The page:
Foreign visitors are often shocked by the machismo in some parts of Latin America. Women in bars – and foreign women in general – are often regarded as promiscuous. Females who drink and act rowdy – or even just express their opinions in a public setting – will shock men who expect and prize meekness in women. Whether you’re male or female, be sensitive to rising testosterone levels. Never say anything about a man’s mother, sister, wife, or girlfriend.
Personal hygiene and appearance are often difficult to maintain while traveling but they are very important in Ecuador. Close-cropped, clean-shaven men and women who don’t show much skin will receive more respect than scruff mop-heads or bra-less women. Men should remove hats while indoors.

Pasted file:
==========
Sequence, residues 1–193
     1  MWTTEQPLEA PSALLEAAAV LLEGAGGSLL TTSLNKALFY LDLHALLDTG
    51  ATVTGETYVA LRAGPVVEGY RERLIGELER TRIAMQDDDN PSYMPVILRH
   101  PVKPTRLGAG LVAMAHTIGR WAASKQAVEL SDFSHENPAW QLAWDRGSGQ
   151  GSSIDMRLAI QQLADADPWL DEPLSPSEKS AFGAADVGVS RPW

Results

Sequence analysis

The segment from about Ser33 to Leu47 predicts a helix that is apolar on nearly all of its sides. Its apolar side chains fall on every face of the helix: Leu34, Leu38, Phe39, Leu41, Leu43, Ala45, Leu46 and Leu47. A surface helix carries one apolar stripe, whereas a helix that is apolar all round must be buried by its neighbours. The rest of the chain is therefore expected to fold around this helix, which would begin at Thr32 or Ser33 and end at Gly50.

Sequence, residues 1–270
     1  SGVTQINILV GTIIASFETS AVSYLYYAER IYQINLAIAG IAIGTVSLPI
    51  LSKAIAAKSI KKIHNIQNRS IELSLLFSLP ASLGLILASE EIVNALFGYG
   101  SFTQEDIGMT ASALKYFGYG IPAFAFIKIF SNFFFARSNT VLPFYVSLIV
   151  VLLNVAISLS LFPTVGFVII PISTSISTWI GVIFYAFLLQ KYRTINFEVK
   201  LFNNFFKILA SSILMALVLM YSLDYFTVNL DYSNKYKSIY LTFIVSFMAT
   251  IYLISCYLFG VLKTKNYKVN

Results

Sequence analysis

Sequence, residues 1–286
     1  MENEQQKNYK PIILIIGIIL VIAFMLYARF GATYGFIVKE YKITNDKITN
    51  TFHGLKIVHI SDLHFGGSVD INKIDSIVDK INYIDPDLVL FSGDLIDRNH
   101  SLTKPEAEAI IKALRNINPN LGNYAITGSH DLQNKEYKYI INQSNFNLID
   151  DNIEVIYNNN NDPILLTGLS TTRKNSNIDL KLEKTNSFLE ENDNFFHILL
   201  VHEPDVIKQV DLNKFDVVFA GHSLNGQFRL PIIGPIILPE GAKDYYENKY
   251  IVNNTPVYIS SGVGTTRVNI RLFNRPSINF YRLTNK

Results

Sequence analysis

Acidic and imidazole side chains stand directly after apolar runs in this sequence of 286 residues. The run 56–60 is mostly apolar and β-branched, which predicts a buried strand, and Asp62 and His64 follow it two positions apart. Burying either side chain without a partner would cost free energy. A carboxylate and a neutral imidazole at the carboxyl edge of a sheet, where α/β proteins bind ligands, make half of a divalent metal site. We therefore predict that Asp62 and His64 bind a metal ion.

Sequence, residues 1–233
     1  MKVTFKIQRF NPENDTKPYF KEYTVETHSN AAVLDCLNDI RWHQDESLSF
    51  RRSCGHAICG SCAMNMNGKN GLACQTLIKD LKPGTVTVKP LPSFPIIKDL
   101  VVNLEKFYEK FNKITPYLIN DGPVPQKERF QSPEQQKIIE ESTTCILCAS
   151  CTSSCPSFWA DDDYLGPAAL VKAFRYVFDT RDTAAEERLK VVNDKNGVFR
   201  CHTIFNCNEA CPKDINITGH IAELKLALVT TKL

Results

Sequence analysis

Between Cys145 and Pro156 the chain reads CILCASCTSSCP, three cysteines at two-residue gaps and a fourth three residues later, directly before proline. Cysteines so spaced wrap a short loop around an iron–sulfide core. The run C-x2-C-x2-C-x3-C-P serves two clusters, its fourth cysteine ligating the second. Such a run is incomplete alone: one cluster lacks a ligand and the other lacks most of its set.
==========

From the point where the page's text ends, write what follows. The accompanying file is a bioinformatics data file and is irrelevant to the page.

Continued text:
Latin Americans hold politeness in high esteem, among both acquaintances and strangers. When meeting someone for the first time, shake hands firmly, look the person in the eye, and say “Mucho gusto de conocerle” (“Pleased to meet you”). When entering a room, greet everybody, not just the person you came to see. Females often greet each other a peck on the cheek or a quick hug. Sometimes men shake hands with women in a business situation, but the standard greeting between a man and a woman – even upon meeting for the first time – is a quick kiss on the cheek. Salutations are considered common courtesy in small towns. “Buenos dias” in the morning, “buenas tardes” after noon, and “buenas noches” after dusk should be said to anyone with whom you come into contact. It is also customary to say “buen provecho” (“enjoy your meal”) to those with whom you fine.